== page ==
Inflammation Plays Role In Determining Lung Cancer
Researchers at the Barbara Ann Karmanos Cancer Institute in Detroit today presented findings that support the role of inflammation in determining lung cancer risk, particularly among African-American women.
The abstract titled, Cytokine SNPs Differentially Predict Risk of Non Small Cell Lung Cancer in African American and Caucasian Women, was given at the American Association for Cancer Research (AACR) Annual Meeting in San Diego, CA.
The study's goal was to determine whether variation in genes in the inflammatory pathway contribute to the risk of non-small cell lung cancer, and whether there are differences by race, according to Karmanos Principal Investigator Alison L. Van Dyke, MD/PhD Candidate, Class of 2011. Genetic variation was evaluated by looking at single nucleotide polymorphisms (SNPs) in cytokine genes.
Population-based cases included 95 African-American and 365 Caucasian women, aged 18-74. Each had been diagnosed with primary non-small cell lung cancer in metropolitan Detroit during a four year period. 483 controls were frequency matched to cases based on age and race. Analyses were performed separately for African-American and Caucasian women, and adjustments were made for factors such as body mass index, age and education, smoking history, family history of lung cancer and history of chronic lung disease.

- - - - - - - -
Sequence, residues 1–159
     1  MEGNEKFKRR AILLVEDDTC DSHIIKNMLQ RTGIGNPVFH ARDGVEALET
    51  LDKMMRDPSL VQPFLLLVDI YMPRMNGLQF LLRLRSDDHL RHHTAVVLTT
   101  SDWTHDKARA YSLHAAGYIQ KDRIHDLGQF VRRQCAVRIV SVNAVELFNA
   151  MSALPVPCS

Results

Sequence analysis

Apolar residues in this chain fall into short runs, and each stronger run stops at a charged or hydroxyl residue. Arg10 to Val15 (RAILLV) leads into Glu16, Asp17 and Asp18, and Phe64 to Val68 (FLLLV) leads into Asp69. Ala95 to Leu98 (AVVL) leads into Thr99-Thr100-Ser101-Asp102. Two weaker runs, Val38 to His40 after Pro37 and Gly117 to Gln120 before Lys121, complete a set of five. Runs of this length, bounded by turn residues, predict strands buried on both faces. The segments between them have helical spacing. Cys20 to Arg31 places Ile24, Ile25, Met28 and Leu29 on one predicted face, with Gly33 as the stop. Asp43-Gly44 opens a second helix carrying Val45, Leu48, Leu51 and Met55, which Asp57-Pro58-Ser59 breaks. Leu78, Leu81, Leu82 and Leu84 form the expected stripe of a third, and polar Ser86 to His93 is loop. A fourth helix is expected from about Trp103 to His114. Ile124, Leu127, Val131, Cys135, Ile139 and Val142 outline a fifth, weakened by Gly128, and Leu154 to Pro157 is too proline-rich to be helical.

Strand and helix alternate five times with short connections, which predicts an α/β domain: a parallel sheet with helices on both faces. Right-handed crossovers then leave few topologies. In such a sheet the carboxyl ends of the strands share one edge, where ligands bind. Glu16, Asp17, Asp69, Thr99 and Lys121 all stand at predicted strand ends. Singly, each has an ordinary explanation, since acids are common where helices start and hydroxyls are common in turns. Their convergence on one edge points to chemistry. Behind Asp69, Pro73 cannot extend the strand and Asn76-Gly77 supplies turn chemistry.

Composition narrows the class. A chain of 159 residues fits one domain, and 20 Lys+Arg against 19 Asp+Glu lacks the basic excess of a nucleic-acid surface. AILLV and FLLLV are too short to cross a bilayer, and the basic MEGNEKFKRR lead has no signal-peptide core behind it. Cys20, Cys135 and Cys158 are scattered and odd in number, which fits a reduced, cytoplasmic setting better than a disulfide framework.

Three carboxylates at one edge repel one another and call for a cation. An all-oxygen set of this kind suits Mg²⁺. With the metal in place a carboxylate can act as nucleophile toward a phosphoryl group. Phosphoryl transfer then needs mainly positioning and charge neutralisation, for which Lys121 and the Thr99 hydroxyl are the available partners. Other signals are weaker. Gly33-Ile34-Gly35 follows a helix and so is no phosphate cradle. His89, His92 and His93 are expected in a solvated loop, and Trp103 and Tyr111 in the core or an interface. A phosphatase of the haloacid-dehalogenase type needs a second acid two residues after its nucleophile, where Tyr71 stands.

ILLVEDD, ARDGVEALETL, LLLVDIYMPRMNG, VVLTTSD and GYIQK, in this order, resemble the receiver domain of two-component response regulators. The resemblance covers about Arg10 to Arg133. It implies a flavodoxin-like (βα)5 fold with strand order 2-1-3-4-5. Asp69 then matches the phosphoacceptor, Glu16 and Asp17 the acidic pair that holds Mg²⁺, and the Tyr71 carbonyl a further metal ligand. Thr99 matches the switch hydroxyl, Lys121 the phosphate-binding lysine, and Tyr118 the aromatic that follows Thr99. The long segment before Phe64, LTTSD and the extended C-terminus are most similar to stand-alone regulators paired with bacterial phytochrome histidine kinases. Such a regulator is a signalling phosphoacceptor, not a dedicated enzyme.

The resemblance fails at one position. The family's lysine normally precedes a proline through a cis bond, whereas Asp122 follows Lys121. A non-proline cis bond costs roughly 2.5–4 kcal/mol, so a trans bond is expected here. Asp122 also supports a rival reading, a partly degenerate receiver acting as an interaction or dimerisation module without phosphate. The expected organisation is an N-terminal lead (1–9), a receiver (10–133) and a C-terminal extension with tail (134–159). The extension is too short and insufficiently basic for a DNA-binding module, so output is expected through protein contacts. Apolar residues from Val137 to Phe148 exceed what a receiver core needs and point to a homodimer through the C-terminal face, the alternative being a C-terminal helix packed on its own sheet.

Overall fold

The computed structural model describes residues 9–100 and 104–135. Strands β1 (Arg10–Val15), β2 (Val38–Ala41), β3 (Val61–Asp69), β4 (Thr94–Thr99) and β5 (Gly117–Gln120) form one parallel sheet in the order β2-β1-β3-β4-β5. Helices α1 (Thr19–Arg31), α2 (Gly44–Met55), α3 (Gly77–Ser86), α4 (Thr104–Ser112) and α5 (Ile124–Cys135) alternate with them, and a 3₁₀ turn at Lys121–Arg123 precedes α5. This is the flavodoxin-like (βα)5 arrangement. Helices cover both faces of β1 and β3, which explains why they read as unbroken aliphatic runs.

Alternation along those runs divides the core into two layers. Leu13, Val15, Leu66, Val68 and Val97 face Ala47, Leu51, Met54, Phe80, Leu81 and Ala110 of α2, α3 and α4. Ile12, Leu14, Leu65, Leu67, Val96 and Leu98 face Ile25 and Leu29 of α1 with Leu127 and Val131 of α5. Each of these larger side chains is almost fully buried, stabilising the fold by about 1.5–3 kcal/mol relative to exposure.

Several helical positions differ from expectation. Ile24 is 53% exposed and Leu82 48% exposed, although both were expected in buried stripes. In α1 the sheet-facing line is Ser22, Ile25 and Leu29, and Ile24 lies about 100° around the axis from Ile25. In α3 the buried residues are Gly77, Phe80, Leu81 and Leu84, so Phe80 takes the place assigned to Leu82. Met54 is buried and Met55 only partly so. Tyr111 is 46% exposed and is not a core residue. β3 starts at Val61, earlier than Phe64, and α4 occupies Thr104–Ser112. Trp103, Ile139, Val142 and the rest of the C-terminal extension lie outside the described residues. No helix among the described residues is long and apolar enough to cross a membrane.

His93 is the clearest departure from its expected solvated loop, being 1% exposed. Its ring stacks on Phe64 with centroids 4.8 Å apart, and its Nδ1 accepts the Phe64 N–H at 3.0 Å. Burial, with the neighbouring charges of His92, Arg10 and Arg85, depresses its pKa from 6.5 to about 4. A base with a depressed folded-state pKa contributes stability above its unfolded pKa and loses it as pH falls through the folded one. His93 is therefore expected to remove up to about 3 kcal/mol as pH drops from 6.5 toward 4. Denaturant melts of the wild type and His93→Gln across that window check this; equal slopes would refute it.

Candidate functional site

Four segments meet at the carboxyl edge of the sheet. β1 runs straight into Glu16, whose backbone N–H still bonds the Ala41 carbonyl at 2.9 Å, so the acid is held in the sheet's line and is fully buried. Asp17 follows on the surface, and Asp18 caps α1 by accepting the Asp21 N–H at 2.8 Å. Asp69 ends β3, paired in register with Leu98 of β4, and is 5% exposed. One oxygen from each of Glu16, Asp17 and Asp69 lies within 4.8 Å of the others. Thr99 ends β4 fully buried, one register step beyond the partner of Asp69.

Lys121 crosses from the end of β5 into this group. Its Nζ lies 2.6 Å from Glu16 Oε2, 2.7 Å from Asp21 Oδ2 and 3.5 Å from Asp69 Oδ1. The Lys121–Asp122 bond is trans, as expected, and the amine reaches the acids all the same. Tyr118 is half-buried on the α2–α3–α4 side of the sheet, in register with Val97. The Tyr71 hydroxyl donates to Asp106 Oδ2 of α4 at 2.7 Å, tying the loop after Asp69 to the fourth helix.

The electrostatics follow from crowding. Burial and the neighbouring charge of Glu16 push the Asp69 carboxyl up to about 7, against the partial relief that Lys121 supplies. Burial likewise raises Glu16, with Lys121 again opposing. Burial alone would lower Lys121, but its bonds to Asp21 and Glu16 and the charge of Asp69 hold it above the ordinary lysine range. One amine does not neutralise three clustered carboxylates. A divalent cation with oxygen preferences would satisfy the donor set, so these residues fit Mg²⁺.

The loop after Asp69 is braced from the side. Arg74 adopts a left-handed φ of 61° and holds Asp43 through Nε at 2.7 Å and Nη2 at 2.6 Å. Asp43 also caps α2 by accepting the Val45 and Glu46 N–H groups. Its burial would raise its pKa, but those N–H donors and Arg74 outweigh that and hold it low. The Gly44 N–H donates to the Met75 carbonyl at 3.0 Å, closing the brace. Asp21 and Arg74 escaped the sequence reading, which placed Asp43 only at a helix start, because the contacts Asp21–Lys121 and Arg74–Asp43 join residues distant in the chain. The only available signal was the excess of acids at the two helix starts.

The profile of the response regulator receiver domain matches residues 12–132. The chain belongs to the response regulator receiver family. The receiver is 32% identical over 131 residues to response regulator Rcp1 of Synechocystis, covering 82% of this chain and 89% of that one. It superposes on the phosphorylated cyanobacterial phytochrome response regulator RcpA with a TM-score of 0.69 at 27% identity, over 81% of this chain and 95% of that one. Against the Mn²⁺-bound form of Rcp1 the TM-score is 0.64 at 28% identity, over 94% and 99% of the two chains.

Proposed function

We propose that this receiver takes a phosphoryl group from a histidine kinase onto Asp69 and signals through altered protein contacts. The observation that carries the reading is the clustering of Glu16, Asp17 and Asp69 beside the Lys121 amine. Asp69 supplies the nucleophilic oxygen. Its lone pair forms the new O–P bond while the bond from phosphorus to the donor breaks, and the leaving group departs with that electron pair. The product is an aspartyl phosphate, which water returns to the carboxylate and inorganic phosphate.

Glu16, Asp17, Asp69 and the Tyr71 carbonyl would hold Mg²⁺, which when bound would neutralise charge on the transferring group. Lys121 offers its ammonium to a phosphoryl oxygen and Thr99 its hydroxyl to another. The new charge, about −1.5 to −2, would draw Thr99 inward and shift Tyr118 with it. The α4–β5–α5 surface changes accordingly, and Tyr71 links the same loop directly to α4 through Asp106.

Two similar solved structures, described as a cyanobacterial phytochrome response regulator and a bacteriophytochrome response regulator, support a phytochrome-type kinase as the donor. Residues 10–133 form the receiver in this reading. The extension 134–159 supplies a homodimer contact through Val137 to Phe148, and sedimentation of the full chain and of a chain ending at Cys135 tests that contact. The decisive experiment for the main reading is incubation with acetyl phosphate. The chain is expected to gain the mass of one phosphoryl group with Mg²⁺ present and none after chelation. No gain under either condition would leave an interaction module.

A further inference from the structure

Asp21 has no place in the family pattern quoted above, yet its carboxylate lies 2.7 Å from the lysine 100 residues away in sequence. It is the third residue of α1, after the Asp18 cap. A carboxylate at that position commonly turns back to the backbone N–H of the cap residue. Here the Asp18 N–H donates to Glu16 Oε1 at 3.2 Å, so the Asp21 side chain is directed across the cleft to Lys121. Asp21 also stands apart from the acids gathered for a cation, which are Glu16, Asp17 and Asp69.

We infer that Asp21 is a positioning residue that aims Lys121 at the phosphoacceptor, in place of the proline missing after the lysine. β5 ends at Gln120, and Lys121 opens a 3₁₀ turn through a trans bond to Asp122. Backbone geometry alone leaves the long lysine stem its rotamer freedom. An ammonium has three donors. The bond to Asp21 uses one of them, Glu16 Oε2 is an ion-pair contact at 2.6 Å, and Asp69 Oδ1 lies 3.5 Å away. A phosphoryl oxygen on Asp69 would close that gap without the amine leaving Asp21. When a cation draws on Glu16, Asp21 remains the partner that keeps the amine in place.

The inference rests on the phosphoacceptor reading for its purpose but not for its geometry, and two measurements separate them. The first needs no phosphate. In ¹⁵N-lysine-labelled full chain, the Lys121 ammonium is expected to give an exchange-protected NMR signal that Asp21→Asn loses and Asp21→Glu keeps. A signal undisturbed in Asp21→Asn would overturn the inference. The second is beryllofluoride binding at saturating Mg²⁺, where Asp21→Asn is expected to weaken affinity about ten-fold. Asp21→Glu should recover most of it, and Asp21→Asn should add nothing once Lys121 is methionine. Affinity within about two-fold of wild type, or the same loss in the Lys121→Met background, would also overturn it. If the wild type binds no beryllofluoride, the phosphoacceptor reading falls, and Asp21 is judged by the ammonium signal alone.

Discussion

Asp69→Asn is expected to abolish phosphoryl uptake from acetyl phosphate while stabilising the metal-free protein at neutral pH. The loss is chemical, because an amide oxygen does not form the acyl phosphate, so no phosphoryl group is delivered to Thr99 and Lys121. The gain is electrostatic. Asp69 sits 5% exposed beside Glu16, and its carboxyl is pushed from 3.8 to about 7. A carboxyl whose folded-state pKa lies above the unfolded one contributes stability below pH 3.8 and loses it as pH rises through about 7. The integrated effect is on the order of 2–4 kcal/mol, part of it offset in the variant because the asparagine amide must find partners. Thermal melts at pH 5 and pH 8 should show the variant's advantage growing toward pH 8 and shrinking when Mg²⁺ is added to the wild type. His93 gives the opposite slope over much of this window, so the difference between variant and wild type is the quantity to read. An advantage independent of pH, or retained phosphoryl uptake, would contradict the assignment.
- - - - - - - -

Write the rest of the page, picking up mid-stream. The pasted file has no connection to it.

"Our findings show that there is a 2.2 fold increased risk for African-American women to develop lung cancer if carrying a particular SNP in IL10 as compared to African-American women who do not," said Karmanos Associate Center Director of Population Sciences Ann Schwartz, Ph. D., M.P.H. She added that there was a decreased risk for lung cancer among Caucasian women with this polymorphism. A nearby SNP on the IL10 gene was also associated with an increased risk of lung cancer among African-American women but a decreased risk among Caucasian women.
"These results suggest racial differences in the relationship between cytokine SNPs and risk of lung cancer, but larger studies need to be conducted in diverse populations to confirm these findings," said Dr. Schwartz.
According to Van Dyke, this type of information might be used to better predict who to screen for lung cancer for earlier disease detection and may lead to more targeted treatments.
"It is important that we identify disease markers for lung cancer," she said. "If diagnosed at a localized stage, the overall five-year survival rate is approximately 50 percent, yet when lung cancer is diagnosed a distant stage of disease, the five-year survival rate is only two percent."
Dr. Schwartz added, "Lung cancer remains the number one cancer killer among men and women in the United States. "If we can better predict who is at risk and then diagnose disease earlier, rates of survival will improve dramatically."